An oral history of the epic collision between journalism and digital technology, 1980 to the present

A project of the Shorenstein Center on Media, Politics and Public Policy

An oral history of the epic collision between journalism and digital technology, from 1980 to the present

Google's Impact on the News Business

Volume 1:
CEOs, Coders, News Execs, Disrupters

Google today is pretty much the same as it has been since I’ve been here.
We essentially came up with a new strategy chart, which showed on one side of it. We would basically have all the advertisers. In the middle, we’d have a Google system, and on the other side, we would actually be agnostic towards what type of ads and what type of revenue we took. Shooting to web…We launched the Google TV business, the radio business.
The people who were running the news organizations became victims pretty quickly because they weren’t as general and as expandable. Yeah, you’re right, they were not run by engineering people, but had they been I’m not so sure it would have been different. I don’t think back to any one decision where I said, Wow, if Time Inc. or someone had only done this or only done what I said or only listened to someone then it would all be different.” There really is this other thing happening that you’re not part of. It’s trains and airplanes and something else was going on and this other thing was happening anyway.

Explore more topics Vol. 1 

Audience Ties – Snail Mail to Tweets

Volume 2:
Tech Journalists

I’ve always said this — the reader is smart enough to know if somebody’s just blowing smoke up their ass. The reader is smart enough to know and he’ll just disregard them. Let your reporter have an opinion.
Brock Meeks
People identify, I think, too much with their gadgets. Maybe it’s because you invest a lot in it. You don’t want to be made a fool. Maybe it’s because they’re fashion statements now — the phone you carry, the tablet you carry.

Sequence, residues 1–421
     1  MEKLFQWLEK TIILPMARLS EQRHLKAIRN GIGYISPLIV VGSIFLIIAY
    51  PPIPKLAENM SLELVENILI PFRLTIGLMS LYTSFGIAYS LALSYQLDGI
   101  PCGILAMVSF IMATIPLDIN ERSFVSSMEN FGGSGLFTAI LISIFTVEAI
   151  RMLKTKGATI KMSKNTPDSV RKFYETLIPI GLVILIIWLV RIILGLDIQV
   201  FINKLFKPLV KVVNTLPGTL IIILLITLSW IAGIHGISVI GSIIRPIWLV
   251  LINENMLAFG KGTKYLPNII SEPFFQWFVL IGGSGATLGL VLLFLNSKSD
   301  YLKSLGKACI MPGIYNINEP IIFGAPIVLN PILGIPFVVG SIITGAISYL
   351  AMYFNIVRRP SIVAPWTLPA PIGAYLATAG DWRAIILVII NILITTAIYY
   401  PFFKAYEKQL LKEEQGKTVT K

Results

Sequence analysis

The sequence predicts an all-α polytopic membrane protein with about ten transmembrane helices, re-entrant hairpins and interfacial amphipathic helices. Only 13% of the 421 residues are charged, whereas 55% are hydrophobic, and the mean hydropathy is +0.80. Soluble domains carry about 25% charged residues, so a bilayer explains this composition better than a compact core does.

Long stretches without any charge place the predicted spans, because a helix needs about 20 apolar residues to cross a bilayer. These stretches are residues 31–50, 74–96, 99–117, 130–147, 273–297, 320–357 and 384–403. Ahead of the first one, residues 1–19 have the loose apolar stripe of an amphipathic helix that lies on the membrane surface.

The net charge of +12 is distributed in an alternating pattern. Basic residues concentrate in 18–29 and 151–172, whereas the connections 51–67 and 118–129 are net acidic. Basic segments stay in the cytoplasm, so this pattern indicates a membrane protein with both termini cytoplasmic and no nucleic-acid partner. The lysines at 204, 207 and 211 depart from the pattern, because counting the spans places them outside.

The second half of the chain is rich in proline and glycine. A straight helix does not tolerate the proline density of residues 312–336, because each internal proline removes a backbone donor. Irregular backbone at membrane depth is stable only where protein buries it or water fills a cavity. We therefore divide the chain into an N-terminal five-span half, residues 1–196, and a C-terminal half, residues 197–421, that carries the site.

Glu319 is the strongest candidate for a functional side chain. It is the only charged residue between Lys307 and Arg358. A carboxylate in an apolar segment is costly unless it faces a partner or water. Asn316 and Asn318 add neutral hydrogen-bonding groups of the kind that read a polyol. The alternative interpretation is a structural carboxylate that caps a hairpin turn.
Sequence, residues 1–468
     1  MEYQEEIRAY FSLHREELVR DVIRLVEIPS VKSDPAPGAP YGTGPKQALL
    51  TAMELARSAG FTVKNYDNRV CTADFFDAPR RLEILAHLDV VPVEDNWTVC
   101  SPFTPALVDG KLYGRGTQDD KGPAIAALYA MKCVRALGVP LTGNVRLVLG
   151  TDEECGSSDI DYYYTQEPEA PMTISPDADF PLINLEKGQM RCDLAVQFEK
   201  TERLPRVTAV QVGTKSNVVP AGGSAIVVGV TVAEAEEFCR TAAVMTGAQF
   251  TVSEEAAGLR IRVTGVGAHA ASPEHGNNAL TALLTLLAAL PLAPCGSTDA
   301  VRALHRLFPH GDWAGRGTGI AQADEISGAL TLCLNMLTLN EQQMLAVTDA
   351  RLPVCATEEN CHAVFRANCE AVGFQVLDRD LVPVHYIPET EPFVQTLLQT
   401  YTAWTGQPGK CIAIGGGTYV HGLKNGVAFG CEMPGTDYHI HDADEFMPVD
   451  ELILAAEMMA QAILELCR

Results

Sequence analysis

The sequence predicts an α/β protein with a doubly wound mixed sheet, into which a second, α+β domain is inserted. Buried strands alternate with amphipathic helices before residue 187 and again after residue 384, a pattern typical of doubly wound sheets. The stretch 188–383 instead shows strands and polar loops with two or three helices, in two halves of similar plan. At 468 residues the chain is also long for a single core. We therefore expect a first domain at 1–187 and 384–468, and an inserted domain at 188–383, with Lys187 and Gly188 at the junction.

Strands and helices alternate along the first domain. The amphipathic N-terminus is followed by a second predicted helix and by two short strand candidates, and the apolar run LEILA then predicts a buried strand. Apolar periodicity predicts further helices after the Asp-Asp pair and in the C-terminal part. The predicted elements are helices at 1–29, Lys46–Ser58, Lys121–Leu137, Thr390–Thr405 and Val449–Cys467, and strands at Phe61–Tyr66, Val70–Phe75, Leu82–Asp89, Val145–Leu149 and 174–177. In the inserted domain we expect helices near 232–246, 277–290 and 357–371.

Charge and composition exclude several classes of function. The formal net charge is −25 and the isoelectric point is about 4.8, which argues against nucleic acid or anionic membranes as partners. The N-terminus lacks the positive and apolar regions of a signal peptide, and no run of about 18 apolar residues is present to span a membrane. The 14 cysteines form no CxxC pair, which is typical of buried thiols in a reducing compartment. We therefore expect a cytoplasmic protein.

David Pogue
Some time ago, we realized the readers need to be skeptical about advertising. Now, first they need to be skeptical about whether what they’re reading is advertising. They also need to be skeptical about where the stuff they’re reading comes from.
Esther Dyson

Explore more topics Vol. 2 

The Big Picture

For most of the 20th century, any list of America’s wealthiest families would include quite a few publishers generally considered to be in the “news business”: the Hearsts, the Pulitzers, the Sulzbergers, the Grahams, the Chandlers, the Coxes, the Knights, the Ridders, the Luces, the Bancrofts — a tribute to the fabulous business model that once delivered the country its news. While many of those families remain wealthy today, their historic core businesses are in steep decline (or worse), and their position at the top of the wealth builders has long since been eclipsed by people with other names: Gates, Page and Brin and Schmidt, Zuckerberg, Bezos, Case, and Jobs — builders of digital platforms that, while not specifically targeted at the “news business,” have nonetheless severely disrupted it.

Keep reading Vol 1. 

The Tech Journalists

A transformative wave washed over the world economy this past quarter-century and technology journalists were its chroniclers and front-row witnesses. Many, among the twenty interviewed, say a catastrophic disruption of the news business was to be expected. But they feel their warnings went largely unheard within their workplaces, a contributing factor to the industry’s late and ineffectual counter-efforts. In contrast to pessimism about the future financial underpinnings of their business, they’re optimistic about the outlook for journalism as new tools, audiences and approaches emerge and evolve.

Keep reading Vol 2. 

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Volume
Vol 1: CEOs, Coders, News Execs, Disrupters
Vol 2: Tech Journalists

Four veterans of digital journalism and media — John Huey, Martin Nisenholtz, Paul Sagan, and later John Geddes — interviewed dozens of people who played important roles in the intersection of media and technology — from CEOs to coders, journalists to disruptors.

Riptide is the result: more than 50 hours of video interviews and two narrative essays that trace the evolution of digital news from early experiments to today. It’s what really happened to the news business.

Read Vol. 1  
See interviews